Google unveiled its new Android mobile operating system, Android KitKat, Sept 9.
Since 2009, Google has named their Android operating systems after desserts. They started with Cupcake and moved through the alphabet. Android KitKat, the latest sweet title is the first to use the name of a branded product. Google didn’t pay Nestle to use the company’s trademark, according to John Lagerling, director of Android global partnerships, in an interview with the BBC. Rather, the companies entered a cross-promotion partnership.
Google and Nestle, a Hershey company, launched a campaign to promote Android KitKat. According to a Hershey press release, the Kit Kat brand and Google will offer a chance to win Nexus 7 tablets, Google Play $5 credits and coupons for free 8 ounce bags of Kit Kat Minis through codes inside more than 50 million specially branded Kit Kat bars that now feature the Android robot. Also, Nestle plans to keep fans up to date through new social media sites Kit Kat USA Facebook and Kit Kat USA Google+.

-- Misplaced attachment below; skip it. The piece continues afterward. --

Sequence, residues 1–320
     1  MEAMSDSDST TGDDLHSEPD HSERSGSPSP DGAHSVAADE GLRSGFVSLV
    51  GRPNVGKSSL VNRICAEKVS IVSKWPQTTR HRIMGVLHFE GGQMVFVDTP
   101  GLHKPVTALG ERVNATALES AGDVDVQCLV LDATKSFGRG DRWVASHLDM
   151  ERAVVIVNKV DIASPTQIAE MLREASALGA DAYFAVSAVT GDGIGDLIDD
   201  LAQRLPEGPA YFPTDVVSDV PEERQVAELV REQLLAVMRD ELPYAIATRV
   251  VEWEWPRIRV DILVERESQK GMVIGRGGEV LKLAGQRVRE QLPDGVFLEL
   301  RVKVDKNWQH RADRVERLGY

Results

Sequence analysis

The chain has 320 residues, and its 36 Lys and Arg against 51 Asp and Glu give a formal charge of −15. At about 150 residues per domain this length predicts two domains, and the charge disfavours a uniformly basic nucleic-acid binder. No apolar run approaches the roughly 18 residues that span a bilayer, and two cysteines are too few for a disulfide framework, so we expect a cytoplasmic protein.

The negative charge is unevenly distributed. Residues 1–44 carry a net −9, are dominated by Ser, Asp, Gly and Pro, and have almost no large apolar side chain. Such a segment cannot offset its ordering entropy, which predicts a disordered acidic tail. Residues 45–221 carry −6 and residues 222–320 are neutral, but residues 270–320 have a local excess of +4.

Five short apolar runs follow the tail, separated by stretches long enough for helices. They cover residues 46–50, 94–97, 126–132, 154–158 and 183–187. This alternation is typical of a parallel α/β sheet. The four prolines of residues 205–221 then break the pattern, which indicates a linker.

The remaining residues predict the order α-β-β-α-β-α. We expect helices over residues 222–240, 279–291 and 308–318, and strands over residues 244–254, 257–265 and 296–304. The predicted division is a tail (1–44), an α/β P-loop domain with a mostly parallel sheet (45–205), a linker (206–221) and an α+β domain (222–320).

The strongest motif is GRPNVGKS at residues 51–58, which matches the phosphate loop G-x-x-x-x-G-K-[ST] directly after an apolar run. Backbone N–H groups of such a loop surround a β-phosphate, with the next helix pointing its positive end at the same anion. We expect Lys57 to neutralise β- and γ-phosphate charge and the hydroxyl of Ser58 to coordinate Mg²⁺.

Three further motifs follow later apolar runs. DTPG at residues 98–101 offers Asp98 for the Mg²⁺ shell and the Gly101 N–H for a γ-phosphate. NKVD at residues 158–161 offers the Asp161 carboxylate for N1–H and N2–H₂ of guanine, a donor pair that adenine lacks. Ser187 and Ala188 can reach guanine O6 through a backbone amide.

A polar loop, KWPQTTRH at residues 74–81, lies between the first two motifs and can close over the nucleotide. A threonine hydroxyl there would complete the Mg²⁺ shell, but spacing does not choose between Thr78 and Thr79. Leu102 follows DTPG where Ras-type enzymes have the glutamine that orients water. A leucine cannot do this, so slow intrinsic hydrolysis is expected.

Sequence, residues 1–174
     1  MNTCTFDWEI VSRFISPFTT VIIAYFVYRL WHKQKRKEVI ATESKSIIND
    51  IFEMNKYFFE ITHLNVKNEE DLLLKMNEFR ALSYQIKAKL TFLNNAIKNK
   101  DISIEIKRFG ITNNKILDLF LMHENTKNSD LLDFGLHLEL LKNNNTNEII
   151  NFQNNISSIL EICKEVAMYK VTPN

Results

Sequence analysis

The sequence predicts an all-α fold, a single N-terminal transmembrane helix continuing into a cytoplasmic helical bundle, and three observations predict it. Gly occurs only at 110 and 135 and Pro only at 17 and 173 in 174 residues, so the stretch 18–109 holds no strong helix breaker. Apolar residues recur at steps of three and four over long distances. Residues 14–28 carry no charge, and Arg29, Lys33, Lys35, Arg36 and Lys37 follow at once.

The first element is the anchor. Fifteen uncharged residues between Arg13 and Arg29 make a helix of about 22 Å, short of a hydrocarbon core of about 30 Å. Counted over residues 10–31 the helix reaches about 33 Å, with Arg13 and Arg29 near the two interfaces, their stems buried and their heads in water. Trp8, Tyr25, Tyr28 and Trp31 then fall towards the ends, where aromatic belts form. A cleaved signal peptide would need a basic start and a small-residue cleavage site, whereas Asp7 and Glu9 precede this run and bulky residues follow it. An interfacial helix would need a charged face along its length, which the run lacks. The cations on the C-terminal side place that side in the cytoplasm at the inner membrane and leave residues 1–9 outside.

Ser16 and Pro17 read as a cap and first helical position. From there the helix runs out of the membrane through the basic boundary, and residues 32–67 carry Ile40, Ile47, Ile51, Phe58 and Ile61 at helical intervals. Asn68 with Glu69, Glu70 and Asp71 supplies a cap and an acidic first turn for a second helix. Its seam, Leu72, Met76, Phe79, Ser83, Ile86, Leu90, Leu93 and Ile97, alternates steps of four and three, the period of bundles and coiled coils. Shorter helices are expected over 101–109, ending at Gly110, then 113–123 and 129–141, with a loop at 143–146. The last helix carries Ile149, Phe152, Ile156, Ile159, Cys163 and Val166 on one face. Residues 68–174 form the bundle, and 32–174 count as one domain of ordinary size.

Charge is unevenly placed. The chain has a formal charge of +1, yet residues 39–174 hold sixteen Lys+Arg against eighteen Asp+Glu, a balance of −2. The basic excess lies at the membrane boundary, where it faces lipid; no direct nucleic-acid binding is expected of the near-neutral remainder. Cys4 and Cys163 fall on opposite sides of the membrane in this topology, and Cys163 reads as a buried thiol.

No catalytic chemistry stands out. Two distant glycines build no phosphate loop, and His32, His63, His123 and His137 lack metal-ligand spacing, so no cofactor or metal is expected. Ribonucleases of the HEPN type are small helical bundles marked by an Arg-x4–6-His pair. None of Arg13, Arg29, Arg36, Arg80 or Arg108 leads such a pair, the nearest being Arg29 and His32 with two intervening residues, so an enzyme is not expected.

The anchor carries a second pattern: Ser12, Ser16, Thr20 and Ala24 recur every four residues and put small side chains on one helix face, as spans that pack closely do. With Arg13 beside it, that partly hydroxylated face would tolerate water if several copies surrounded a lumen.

From a public relations perspective, the Google/Nestle partnership can be evaluated through three lenses: publicity, branding and reputation.
Looking at publicity, the announcement of the partnership made headlines because it was unexpected. Patrick Coffee argued that “Google gave Kit Kat the world’s best free marketing campaign,” in his PRNewser article. Before Tuesday, Google was referring to its new operating system as Key Lime Pie and its followers were expecting the OS to be released under that name. The Android KitKat plan was kept secret and, in turn, the launch was a big conversation starter.
The campaign is focused on branding the new Google product and creating something memorable. Google and Nestle created a relationship between their brands with this product launch. It hasn’t been determined if the companies looked at how their brand identities compare, but it is inevitable that others will.
The potential problem, pointed out in the BBC story, is how the companies’ reputations might affect each other. Nestle most recently recalled its Purina ONE dog food because of a salmonella outbreak. Nestle has also faced scandal surrounding a boycott of its Kit Kat candy bars because they contain palm oil, an ingredient that Greenpeace claims is destructive to the Indonesian rainforest and harms orangutans.
It’s important for companies to know their stakeholders, stay updated and research before associating with another brand. To what extent do you think Google’s partnership with Nestle affects its reputation? Is it possible that Kit Kat competitors will perceive Google negatively? Was cross promoting a good move for Nestle and Google?